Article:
Having used iPad and iMac, I much prefer the fully integrated experience of having one machine which goes from being a tablet to a fully enabled desktop computer, using the same interface and the same apps.
        • What a tool....

          sorry Microsoft is not handing out bonus' this year. You would not have received one anyway. Your trolling is piss poor and dollars short for Microsoft sales.
    • WindowsMod = Windows on Android / Chrome Devices

      I think we have all got it wrong.

      Imagine if WindowsMod would allow users to install Windows or Windows Phone on Chrome tablets or Android phones.

      Imagination run wild or a distinct possibility?
      • It's totally "run wild"

        And just when we are finally breaking away from the Windows monopoly, you dream about returning to that? I don't care what brand you like, more competition is a *good* thing.
      • Apart from..

        the disk space problems (Chromebooks generally have very small SSDs or flash memory drives), they are generally standard PCs with Chrome instead of Windows installed, so no need for "WindowsMod", you can just install Windows on it anyway.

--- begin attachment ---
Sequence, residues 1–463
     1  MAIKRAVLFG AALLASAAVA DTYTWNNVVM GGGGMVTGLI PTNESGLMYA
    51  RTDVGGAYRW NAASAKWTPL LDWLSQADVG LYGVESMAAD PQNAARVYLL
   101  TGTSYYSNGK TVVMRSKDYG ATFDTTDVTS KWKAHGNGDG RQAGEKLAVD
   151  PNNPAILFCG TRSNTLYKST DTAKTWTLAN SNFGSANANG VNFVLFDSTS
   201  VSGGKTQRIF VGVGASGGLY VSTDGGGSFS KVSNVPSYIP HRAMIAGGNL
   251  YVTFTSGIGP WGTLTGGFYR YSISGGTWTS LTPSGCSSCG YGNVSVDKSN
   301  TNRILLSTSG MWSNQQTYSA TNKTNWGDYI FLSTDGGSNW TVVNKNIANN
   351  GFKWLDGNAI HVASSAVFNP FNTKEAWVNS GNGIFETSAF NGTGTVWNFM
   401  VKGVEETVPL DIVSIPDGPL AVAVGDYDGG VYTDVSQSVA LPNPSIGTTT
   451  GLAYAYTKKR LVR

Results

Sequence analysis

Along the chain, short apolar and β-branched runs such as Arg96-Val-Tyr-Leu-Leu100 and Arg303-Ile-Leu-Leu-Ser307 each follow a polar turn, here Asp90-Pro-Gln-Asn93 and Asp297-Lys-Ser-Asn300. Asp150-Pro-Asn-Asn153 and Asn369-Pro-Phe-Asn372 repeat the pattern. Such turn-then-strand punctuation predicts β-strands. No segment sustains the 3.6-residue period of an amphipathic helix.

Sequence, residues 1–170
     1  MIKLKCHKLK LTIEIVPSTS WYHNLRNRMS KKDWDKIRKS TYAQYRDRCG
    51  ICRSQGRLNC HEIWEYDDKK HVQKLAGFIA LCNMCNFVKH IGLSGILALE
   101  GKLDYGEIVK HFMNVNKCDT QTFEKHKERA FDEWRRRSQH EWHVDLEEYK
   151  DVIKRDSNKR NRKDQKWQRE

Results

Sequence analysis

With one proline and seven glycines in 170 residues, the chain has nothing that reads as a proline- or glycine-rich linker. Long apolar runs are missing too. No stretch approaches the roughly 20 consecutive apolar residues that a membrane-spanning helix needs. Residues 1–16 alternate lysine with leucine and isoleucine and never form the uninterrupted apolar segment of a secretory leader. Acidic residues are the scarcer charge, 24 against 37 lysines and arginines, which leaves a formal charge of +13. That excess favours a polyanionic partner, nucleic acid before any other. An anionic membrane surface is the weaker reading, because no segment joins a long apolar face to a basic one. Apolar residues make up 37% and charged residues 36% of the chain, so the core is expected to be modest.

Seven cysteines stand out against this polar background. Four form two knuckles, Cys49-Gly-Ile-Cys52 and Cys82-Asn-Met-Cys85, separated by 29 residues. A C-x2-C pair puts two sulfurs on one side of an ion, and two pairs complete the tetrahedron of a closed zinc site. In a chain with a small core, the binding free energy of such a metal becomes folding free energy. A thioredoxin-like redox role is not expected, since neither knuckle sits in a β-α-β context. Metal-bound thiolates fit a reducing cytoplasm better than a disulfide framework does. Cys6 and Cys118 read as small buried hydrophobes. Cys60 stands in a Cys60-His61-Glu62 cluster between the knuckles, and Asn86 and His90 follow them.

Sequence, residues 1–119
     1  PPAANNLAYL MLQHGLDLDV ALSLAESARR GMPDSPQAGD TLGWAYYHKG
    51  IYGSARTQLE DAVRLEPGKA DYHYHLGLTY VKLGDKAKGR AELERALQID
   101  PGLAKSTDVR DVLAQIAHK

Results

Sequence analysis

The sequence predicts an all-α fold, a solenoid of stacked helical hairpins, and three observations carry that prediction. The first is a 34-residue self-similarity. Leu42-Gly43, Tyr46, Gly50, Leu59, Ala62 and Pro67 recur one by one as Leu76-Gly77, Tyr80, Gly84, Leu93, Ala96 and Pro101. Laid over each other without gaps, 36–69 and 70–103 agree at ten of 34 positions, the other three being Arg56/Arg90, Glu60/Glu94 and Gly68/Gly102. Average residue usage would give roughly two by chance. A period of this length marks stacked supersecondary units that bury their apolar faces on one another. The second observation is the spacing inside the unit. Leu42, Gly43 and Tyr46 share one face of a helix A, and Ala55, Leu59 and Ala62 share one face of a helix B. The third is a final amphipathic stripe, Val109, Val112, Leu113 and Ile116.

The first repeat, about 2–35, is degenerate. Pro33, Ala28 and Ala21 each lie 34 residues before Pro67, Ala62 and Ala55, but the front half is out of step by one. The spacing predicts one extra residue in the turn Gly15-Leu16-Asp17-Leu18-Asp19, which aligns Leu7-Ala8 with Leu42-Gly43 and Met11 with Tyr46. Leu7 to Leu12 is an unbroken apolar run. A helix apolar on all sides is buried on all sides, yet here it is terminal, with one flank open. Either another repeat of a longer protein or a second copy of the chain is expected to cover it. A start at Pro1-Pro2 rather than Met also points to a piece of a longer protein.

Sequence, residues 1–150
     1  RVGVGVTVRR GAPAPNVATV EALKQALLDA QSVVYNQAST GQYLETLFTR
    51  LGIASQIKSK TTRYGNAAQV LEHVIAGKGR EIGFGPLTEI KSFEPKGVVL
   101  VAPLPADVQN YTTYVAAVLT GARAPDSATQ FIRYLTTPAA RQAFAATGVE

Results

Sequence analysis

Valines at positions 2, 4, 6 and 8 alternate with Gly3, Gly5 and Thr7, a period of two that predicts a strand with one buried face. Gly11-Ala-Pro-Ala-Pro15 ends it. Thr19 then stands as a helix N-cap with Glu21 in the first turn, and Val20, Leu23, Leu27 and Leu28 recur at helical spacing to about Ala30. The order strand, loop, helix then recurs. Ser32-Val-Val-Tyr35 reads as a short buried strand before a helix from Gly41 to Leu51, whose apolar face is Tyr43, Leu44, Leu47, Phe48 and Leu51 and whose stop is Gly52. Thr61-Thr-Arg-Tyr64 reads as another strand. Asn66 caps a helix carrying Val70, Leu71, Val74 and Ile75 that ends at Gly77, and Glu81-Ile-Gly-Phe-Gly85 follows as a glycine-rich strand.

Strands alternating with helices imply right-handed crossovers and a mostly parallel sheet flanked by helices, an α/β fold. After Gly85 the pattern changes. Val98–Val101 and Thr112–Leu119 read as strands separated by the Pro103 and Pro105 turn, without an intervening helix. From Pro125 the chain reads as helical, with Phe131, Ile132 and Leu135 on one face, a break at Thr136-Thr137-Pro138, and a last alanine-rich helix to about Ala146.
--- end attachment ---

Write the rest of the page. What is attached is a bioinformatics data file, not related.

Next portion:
• AnilShah - more like nightmares run wild!

        Why did you have to ruin a perfectly good 2014 for me??
  • Rowan & Martin's Laugh-In

    Rowan & Martin's Laugh-In: The Sock-It-To-Me Collection - Mod, Mod, Mod, Mod World
    Tim Jordan
    • I was thinking Mod Squad but either way ...

      Somebody somewhere will come up with a tangential reference to any name they pick. Best to invent a new word... Pskyie Drive, MetStrohs UI :-)
  • MOD is the new RT?

    MOD is a bit more descriptive than RT... but it still doesn't necessarily tell the consumer that this is a "touch-centric" OS.

    I don't know why they don't just call it "Windows Mobile" already. And, yes, I'm aware there's already a product with that name, but it's extinct... and since the OS wasn't really used by that many people anyway, any baggage it carries will be unknown to most consumers.
    • otherway around